Front page of Ashcroft Journal, July 16, 1959, with details of royal visit. Photo credit: Journal archives

Royal welcome in Ashcroft, Spences Bridge, and Lytton for Queen, Prince Philip in 1959

More than 1,500 people were on hand in Ashcroft on a hot July day to get glimpse of the royal couple

It was a typical July day in Ashcroft — clear and sunny, with a temperature of 90° F — but the two people who stepped off the train at the CN station for a 15-minute stopover on July 14, 1959 were anything but typical.

Queen Elizabeth II and her husband Prince Philip, the Duke of Edinburgh — who passed away on April 9 at the age of 99 — were on a cross-country tour of the country. It had been reported for weeks that their itinerary would see them stopping in local communities, and the July 16, 1959 issue of the Journal carried full reports of the royal couple’s visits to Ashcroft, Spences Bridge, and Lytton.

The CN station in Ashcroft had been renovated and painted for the occasion, with displays of Union Jacks, the Canadian Ensign, and provincial flags. The paper noted that despite the heat, more than 1,500 were waiting for the train. “People were everywhere on the CNR Station roof, on poles and fence posts, with both sides of the track lined several persons deep.”

Mr. Alf North, chairman (mayor) of the Village of Ashcroft, was there with his wife to greet the Queen and Prince Philip. Members of the Legion and the Ladies Auxiliary, as well as Boy Scouts, Cubs, and Brownies, were also present.

A cry of “Here’s the train” made “an awesome silence,” according to the paper, and all eyes were glued to the rear of the royal train. The Queen wore a white and gold two-piece satin ensemble with matching hat and a three-strand choker of pearls. The Duke of Edinburgh had chosen a grey lounge suit, and was “deeply tanned”.

The couple were introduced by Kamloops-born federal Minister of Justice E. Davie Fulton and met with Mr. and Mrs. North before Mrs. E. Crossley, described in the paper as a 90-year-old native woman, was presented by her daughter, Mrs. G. Martinson. “The Queen’s easy informality and gracious smile soon brought ready response from the nonagenarian.”

Bonnie Saito presented the royal couple with a bouquet of flowers. The Queen then requested a meeting with the CNR agent, Mr. W. Goheen, whose son Mervyn was a crew member of the royal yacht Britannia.

After their 15-minute stop, the couple boarded the train as the crowd cheered “Hip hip hoorah” six times and crowded around to get pictures of the departing royals.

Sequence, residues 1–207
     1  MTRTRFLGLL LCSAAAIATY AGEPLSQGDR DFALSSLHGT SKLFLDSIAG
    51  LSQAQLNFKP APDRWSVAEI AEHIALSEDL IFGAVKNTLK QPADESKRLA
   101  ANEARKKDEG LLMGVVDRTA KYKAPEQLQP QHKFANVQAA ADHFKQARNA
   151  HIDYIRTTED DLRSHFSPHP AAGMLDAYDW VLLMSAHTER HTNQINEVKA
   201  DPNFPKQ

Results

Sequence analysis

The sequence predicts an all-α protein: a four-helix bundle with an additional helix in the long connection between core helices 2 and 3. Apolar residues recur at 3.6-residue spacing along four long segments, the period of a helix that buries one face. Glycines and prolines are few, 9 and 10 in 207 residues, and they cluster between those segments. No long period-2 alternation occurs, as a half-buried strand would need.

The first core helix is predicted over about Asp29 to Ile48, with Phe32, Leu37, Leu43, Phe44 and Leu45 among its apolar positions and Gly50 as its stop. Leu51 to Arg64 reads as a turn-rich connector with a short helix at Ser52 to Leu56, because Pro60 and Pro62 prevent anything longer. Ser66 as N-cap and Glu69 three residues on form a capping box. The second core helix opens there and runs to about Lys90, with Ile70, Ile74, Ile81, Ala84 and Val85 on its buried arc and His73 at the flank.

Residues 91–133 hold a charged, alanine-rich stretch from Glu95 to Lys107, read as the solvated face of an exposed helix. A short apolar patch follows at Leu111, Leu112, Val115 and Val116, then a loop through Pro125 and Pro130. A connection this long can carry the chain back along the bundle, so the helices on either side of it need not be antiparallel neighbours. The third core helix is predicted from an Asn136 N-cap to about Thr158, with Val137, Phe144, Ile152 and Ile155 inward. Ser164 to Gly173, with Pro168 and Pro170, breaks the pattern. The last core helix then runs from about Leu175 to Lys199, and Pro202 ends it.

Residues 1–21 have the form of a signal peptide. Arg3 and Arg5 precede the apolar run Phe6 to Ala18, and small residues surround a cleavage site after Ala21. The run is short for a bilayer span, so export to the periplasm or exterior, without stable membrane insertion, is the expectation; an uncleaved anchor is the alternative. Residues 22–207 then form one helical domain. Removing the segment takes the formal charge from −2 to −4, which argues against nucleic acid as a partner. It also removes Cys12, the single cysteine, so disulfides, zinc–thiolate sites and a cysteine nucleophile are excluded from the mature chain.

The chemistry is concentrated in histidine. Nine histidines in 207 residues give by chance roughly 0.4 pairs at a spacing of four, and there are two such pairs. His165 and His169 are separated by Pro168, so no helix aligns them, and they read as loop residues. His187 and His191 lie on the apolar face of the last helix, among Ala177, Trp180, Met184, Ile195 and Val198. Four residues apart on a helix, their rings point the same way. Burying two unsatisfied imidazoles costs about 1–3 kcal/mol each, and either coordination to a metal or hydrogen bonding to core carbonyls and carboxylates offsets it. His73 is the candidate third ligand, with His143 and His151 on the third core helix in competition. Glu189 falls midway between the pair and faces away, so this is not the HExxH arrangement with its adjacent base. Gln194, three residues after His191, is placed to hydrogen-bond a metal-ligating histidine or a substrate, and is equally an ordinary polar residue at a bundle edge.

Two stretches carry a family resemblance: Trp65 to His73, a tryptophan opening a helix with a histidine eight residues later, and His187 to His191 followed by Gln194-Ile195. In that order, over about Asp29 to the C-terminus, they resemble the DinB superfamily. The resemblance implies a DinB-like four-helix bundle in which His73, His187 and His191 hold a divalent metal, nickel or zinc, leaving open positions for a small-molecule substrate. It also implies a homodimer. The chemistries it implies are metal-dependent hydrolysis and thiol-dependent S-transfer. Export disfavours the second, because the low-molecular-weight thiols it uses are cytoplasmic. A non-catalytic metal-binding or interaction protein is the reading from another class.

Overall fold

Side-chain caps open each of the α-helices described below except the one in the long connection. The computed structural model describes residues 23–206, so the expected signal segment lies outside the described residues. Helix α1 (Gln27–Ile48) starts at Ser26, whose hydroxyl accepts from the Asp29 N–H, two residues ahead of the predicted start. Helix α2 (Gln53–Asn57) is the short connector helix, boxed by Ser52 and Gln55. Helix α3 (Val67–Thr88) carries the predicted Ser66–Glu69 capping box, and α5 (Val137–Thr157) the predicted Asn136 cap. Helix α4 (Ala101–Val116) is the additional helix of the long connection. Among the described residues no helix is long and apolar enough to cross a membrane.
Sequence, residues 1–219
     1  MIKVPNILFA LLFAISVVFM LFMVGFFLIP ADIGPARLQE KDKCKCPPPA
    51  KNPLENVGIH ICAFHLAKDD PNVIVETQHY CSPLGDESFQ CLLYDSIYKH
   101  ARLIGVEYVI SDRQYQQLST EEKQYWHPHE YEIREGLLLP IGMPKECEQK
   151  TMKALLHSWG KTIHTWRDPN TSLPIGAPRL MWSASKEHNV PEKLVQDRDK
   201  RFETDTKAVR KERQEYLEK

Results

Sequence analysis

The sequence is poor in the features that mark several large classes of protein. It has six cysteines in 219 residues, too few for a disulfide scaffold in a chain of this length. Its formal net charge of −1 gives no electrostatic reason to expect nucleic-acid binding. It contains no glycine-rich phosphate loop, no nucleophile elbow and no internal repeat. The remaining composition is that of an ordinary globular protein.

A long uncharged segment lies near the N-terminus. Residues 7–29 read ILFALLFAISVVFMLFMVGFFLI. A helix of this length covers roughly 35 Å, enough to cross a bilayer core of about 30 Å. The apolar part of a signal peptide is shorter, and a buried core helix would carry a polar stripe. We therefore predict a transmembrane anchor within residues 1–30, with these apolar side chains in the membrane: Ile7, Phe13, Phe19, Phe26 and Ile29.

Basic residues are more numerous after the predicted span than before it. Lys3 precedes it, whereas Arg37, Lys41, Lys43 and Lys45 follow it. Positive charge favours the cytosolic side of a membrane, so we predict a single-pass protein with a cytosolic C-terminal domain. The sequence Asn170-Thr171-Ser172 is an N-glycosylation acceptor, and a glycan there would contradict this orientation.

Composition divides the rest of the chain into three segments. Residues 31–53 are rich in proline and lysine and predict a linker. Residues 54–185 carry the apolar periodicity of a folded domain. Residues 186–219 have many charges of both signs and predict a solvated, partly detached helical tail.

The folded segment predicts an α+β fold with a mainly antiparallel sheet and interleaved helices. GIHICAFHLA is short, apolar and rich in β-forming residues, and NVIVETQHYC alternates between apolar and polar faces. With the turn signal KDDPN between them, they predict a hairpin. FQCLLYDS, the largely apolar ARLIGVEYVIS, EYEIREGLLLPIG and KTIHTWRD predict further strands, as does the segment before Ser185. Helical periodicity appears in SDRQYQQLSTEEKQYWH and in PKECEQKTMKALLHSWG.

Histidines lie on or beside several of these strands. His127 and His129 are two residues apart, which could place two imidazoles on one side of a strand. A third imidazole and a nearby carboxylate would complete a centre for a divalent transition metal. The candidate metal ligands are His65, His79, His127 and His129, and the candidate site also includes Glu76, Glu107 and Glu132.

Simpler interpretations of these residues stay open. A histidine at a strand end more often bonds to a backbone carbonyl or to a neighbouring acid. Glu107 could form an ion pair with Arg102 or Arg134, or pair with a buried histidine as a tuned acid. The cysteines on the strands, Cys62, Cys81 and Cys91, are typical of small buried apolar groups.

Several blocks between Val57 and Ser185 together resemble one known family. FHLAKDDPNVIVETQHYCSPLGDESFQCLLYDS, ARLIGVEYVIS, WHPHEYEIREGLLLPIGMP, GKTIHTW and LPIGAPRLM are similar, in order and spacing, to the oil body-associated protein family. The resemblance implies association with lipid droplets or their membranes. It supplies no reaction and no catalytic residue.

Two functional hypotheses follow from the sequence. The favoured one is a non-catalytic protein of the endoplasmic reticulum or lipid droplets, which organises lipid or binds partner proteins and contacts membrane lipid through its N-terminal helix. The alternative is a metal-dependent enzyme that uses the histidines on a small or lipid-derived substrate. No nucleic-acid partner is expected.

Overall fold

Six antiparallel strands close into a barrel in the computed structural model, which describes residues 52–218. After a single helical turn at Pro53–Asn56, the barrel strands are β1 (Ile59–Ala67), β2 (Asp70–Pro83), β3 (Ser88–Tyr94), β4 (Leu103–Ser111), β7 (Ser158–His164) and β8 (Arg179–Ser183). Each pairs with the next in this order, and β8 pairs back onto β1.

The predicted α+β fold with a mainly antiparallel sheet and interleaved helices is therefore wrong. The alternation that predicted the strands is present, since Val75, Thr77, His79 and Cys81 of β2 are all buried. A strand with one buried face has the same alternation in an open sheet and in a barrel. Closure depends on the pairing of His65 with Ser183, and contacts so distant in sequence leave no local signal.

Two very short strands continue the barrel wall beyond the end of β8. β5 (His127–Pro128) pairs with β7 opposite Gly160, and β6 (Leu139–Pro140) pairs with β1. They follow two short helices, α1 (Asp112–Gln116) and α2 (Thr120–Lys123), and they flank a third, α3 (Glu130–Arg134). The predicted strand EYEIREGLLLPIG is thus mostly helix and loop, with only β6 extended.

More than 1,000 were waiting in Spences Bridge to greet the pair, and gave them a “very enthusiastic” welcome. The crowd included a considerable number of people — including more than 100 Boy Scouts and Girl Guides — who had travelled from Merritt. Miss Karen Draney of Spences Bridge presented a bouquet of flowers to the couple, and members of the Spences Bridge Lions Club passed out flags to all the children in attendance.

In Lytton, members of the Royal Canadian Legion and the Girl Guide and Brownie troupes in Lytton and Lillooet, members of pioneer families, and representatives of area First Nations — including Chief Dan Raphael — were there to greet the royal couple, who met the chairmen of Lytton (Mr. T. Taverna) and Lillooet (Mr. Franson).

The Queen was presented with a broach of “silver and native jade” in the shape of a tomahawk, which was made by Lillooet resident Ron Purvis and given to her by Doris Phillips. “Camera fans” were dashing among the crowd to take pictures, and the Journal notes that “One cowboy on the hillside couldn’t contain his excitement and a wild ‘Wha-who’ was heard. Immediately Prince Philip looked up over the crowd and smiled.”

The royals spent several minutes having “pleasant chats” with many of the children, pioneer families, veterans, and First Nations who were there. The paper concluded, “After they were gone everyone agreed Queen Elizabeth and Prince Philip were a sincere and charming couple. Members of the press travelling on the Royal train said the stop at Lytton was one of the most pleasant on the trip.”

Earlier in their visit, the Queen and Prince Philip had been greeted in Kamloops by a “cowboy guard” of real cowboys. The Journal noted that “Among those of local interest forming the guard for the royal couple were Dave Perry, Percy Minnabarriet of Cache Creek; Philip Lulu of Cameron [Ashcroft] Ranch, Ashcroft and Laidlaw Gray of Stewart [Chattaway] Ranch, Ashcroft; Charles Baker, Loon Lake, and Henry Snyder of Upper Hat Creek.” Laidlaw “Rip” Gray was the father of Ashcroft Museum curator Kathy Paulos.

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